No Grey Area

Many people tend to see the world in black and white. Things are either right or wrong; forget about the grey area. Interestingly, though, the mentality does not seem to transcend to photography. In my opinion, not enough people appreciate the art of colorless images.

Snapping black-and-white pictures takes a bit more effort than documenting events in color, but not that much more. As long as you remember the following tips you should be on target to capture frame worthy pictures minus the color.

1. Since black and white pictures lack color, shapes and lines are very important details. A black and white photo that is made up entirely of straight lines can look modern, but it can also look flat. To create interest in your shot aim your camera at subjects with varying lines.

2. Take time to focus on subjects that enhance the texture of your shot. Surfaces can become muted when documented in black and white, which is why you want to add as much texture as possible. For example, rather than snapping a shot of your cat on a paved sidewalk, consider having him pose on the grass instead.

3. When shooting any photo you don’t want the background to distract from your subject. However, when you are taking black and white pictures this is even more critical. One way to eliminate distractions is by moving your subject a few feet to the right or left of an object. Another option is for you to move so that you are capturing the subject from a different angle.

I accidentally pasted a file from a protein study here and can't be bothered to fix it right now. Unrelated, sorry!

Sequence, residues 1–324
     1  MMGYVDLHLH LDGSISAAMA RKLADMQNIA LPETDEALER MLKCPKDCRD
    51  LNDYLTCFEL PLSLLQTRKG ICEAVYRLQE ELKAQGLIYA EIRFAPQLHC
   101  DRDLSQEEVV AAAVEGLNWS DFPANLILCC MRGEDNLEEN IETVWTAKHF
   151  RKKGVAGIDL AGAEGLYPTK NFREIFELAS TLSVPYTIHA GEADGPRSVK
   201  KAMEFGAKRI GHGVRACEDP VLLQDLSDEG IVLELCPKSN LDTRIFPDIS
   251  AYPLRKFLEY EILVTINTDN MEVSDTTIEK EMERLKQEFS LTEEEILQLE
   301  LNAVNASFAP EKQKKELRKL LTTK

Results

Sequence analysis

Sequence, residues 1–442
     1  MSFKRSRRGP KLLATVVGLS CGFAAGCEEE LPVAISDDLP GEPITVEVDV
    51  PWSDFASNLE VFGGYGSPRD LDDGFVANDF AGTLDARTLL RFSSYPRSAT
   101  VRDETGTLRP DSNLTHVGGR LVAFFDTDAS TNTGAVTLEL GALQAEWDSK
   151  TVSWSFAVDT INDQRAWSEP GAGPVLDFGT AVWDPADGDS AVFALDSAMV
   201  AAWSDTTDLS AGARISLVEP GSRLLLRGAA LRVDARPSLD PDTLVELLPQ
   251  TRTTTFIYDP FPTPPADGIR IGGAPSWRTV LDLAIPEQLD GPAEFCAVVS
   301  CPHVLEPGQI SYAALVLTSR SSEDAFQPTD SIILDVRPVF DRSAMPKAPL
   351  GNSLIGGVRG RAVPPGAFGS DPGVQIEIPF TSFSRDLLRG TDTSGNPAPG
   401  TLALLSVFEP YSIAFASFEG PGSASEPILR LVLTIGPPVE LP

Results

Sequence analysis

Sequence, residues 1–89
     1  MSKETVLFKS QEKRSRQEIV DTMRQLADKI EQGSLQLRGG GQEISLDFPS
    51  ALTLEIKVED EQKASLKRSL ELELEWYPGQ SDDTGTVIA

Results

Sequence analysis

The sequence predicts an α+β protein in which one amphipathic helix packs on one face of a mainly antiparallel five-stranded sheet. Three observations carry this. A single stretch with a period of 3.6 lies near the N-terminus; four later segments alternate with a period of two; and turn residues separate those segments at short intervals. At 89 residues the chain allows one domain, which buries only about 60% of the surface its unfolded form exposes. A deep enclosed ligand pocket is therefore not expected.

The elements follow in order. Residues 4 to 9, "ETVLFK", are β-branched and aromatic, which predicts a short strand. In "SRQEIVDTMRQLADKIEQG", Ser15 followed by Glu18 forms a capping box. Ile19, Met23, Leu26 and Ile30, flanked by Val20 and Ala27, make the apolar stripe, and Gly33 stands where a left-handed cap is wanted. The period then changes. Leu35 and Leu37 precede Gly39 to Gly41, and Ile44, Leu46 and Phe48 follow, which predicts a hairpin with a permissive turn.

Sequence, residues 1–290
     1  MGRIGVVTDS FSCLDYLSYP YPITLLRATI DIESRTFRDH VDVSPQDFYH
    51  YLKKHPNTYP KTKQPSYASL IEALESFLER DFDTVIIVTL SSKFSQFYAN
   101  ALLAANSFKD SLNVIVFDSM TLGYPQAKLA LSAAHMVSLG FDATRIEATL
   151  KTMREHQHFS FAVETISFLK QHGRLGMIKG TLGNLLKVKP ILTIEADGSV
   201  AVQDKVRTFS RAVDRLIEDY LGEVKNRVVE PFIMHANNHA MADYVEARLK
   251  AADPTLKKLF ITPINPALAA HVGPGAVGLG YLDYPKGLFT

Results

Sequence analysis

4. When taking colorless images, try to use light and shadows to your advantage. Light dictates the mood of a black and white photograph, so before you press your camera’s shutter button experiment with different lighting techniques. For example, you could take a picture of your child on a sunny day, and then take another shot of him on a cloudy day and make modifications accordingly.

Finally, remember that extracting color from photos adds a hint of timelessness, so don’t hesitate to capture different scenes in black and white. The lack of color may be able to bring out emotions you didn’t realize were there.

Related Articles:

Shooting the Perfect Portrait

Telling A Story With Your Shots

Natural Framing

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Michele Cheplic

About Michele Cheplic

Michele Cheplic was born and raised in Hilo, Hawaii, but now lives in Wisconsin. Michele graduated from the University of Wisconsin-Madison with a degree in Journalism. She spent the next ten years as a television anchor and reporter at various stations throughout the country (from the CBS affiliate in Honolulu to the NBC affiliate in Green Bay). She has won numerous honors including an Emmy Award and multiple Edward R. Murrow awards honoring outstanding achievements in broadcast journalism. In addition, she has received awards from the Aircraft Owners and Pilots Association for her reports on air travel and the Wisconsin Education Association Council for her stories on education. Michele has since left television to concentrate on being a mom and freelance writer.

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